Updated Thursday morning
Bishop James Tengatenga has been in the news recently because Dartmouth College reneged on a job offer they made to him, after he had already resigned his previous position as Bishop of Southern Malawi. See for example this ENS report by Matthew Davies Dartmouth withdraws Tengatenga’s appointment as foundation dean:
Dartmouth College in Hanover, New Hampshire, has withdrawn the appointment of former Southern Malawi Bishop James Tengatenga as dean of its Tucker Foundation saying that his past comments about homosexuality “have compromised his ability to serve effectively.”
Meanwhile, some North American church leaders are surprised and saddened by the decision, saying that they know Tengatenga as a bridge-builder and reconciler who has a deep understanding of the complex issues concerning human sexuality.
Tengatenga, a long-standing member and current chair of the Anglican Consultative Council (ACC), the Anglican Communion’s main policy-making body, announced in mid-July that after 15 years as bishop of Southern Malawi he was tendering his resignation to become the Virginia Rice Kelsey Dean of the William Jewett Tucker Foundation at Dartmouth College from Jan. 1, 2014…
Today the Living Church has published a letter signed by a number of notable people, which criticises Dartmouth College. See Defending Bishop Tengatenga:
Dartmouth’s folly and the struggle for LGBTQ rights in Africa
Earlier this summer an offer was made to the Rt. Rev. James Tengatenga, Anglican Bishop of Southern Malawi, to become the next Virginia Rice Kelsey ’61s Dean of the William Jewett Tucker Foundation at Dartmouth College, an organization charged with educating students and the Dartmouth community into “lives of purpose and ethical leadership, rooted in service, spirituality, and social justice.” Tengatenga accepted, announced his resignation as Bishop of Southern Malawi, made plans to come to Dartmouth in early 2014, and news of the appointment was made public on July 16. With a swiftness that hardly seemed possible, even in this age of electronic communication, messages started to circulate on blogs and over email, as were letters of protest sent to the College’s top administrators, charging the Bishop with homophobia. On July 22 the Dartmouth College Chapter of the NAACP sent a letter protesting the appointment to the president, provost, and members of the search committee…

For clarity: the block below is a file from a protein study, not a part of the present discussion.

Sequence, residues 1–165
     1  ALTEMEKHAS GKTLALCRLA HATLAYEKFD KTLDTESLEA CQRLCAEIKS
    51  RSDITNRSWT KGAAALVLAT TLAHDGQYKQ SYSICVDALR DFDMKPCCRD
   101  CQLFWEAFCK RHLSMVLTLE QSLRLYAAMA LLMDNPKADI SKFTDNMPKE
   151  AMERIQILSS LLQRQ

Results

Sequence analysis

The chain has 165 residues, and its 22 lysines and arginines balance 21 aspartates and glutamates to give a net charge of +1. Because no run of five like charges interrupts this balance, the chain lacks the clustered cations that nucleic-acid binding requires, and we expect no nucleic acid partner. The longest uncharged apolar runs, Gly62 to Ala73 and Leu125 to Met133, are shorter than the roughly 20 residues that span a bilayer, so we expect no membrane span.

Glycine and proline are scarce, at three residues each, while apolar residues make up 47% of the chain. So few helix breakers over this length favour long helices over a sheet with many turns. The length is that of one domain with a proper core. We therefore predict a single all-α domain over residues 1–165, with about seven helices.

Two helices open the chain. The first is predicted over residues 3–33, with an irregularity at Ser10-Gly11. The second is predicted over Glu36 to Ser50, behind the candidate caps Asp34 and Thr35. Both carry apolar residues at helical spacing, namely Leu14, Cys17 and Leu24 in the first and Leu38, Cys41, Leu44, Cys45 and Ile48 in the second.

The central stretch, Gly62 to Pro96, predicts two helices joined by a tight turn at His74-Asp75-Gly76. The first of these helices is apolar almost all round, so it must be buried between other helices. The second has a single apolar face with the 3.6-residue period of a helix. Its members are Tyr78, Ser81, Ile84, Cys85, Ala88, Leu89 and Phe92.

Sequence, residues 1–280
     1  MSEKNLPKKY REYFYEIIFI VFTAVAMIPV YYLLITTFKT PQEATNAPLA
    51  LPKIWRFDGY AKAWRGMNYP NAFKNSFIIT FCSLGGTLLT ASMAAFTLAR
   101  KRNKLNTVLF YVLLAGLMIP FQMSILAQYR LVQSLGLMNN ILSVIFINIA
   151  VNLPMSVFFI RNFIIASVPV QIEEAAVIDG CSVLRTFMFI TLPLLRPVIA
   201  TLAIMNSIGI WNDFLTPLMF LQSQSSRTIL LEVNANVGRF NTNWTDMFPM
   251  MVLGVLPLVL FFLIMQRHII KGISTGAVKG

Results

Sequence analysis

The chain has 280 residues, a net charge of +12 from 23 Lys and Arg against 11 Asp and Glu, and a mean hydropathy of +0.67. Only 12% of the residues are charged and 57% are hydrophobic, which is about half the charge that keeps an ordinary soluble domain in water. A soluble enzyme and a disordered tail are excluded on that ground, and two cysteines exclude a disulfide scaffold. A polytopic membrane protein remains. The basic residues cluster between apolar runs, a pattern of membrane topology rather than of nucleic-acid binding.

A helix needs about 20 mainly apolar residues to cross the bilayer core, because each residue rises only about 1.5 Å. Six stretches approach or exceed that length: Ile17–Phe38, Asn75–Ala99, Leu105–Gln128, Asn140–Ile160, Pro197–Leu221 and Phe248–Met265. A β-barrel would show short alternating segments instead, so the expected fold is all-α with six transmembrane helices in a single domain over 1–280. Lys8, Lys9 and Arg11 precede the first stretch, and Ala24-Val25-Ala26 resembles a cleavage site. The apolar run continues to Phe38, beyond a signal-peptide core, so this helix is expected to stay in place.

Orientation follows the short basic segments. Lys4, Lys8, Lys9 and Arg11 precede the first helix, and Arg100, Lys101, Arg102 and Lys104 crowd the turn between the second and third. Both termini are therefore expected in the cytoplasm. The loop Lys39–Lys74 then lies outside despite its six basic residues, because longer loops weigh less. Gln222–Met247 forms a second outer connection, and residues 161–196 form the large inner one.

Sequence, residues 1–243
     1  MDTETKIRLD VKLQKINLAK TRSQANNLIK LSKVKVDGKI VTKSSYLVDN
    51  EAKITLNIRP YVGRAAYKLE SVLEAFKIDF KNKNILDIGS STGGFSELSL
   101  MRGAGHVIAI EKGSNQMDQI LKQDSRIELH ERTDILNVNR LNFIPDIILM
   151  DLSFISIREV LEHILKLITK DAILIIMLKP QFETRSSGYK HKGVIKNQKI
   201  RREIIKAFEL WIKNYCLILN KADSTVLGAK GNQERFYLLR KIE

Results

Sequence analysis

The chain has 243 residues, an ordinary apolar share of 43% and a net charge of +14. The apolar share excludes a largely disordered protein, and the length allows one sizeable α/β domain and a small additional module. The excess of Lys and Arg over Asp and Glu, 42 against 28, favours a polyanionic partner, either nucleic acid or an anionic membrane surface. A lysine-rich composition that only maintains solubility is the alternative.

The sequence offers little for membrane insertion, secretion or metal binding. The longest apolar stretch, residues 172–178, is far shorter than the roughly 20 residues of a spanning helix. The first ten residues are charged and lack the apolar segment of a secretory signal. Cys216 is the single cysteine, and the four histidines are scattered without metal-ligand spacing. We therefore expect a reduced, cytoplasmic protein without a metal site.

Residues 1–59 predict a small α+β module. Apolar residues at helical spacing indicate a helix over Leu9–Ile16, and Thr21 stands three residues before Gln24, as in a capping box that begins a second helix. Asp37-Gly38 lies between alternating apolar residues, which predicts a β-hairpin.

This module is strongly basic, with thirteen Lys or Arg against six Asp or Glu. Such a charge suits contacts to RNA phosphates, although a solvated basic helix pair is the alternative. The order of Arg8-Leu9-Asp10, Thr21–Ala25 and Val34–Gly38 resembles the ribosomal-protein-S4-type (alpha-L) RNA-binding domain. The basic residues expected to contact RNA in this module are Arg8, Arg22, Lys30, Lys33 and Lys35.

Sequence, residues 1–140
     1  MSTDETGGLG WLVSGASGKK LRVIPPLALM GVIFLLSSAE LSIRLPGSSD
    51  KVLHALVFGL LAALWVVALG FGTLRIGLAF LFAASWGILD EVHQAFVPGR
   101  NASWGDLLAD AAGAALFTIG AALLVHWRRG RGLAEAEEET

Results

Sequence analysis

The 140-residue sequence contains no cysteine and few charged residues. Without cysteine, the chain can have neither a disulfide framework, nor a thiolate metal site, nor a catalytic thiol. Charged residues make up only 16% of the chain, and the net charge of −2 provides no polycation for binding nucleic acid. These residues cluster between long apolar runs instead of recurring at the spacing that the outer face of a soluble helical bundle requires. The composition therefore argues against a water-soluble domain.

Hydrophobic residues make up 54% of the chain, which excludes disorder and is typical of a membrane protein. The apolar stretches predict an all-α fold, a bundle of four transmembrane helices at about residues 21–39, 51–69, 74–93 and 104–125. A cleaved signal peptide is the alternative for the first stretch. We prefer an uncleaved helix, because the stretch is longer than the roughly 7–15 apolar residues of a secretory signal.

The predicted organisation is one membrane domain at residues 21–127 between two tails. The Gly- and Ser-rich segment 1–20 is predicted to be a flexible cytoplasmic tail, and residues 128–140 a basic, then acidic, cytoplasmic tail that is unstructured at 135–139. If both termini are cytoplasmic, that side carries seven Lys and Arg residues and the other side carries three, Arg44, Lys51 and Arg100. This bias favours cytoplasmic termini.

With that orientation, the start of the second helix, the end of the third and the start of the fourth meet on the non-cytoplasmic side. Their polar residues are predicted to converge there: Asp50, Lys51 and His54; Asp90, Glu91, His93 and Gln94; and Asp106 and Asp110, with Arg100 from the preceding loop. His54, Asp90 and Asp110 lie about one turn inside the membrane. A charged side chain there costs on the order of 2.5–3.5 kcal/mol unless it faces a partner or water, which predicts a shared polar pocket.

Much of this communication was vague. Some of it, however, was quite specific, citing comments made by Tengatenga on matters related to human sexuality within the context of the Anglican Communion. Despite issuing a statement declaring his unequivocal support for marriage equality and the sanctity of human rights for all individuals appearing on the official “Dartmouth Now” site, Tengatenga continued to be criticized. One month after his appointment was announced, the President of the College, Philip J. Hanlon, released a statement saying that the appointment had been rescinded.
The President’s decision brought applause from some in the Dartmouth community. Others were appalled, as are we. The action represents a gross injustice to an individual who would have made an ideal person to provide moral and ethical leadership at the College. It casts serious doubts on what is being learned in American universities when members of those communities fail to distinguish between public positions of institutions and the views of individuals who participate in those institutions. It reflects badly on western human rights advocates who consciously or unconsciously engage in forms of cultural imperialism that undermine their own success and credibility by demanding proofs identical to their own kind and, in this instance, by also ignoring the voices of Africans and church leaders who have known and worked with Tengatenga in some cases for decades….
Do read the entire letter.
A response to this letter by Joseph Asch has been published at Dartblog A Public Letter for Tengatenga. This response contains numerous links to earlier discussions on the same site.